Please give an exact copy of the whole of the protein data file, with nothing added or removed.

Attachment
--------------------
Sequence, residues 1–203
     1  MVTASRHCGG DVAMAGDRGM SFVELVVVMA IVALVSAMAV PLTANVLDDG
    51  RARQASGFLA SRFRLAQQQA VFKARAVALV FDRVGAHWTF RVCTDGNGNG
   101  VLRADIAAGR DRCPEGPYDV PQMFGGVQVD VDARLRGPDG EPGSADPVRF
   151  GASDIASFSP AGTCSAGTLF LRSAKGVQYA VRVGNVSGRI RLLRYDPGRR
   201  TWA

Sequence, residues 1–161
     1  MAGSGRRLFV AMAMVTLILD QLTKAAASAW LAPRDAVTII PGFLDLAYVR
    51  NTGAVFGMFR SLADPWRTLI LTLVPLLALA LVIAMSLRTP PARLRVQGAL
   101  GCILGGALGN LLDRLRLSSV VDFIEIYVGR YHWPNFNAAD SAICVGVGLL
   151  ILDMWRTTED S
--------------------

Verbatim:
Sequence, residues 1–203
     1  MVTASRHCGG DVAMAGDRGM SFVELVVVMA IVALVSAMAV PLTANVLDDG
    51  RARQASGFLA SRFRLAQQQA VFKARAVALV FDRVGAHWTF RVCTDGNGNG
   101  VLRADIAAGR DRCPEGPYDV PQMFGGVQVD VDARLRGPDG EPGSADPVRF
   151  GASDIASFSP AGTCSAGTLF LRSAKGVQYA VRVGNVSGRI RLLRYDPGRR
   201  TWA

Sequence, residues 1–161
     1  MAGSGRRLFV AMAMVTLILD QLTKAAASAW LAPRDAVTII PGFLDLAYVR
    51  NTGAVFGMFR SLADPWRTLI LTLVPLLALA LVIAMSLRTP PARLRVQGAL
   101  GCILGGALGN LLDRLRLSSV VDFIEIYVGR YHWPNFNAAD SAICVGVGLL
   151  ILDMWRTTED S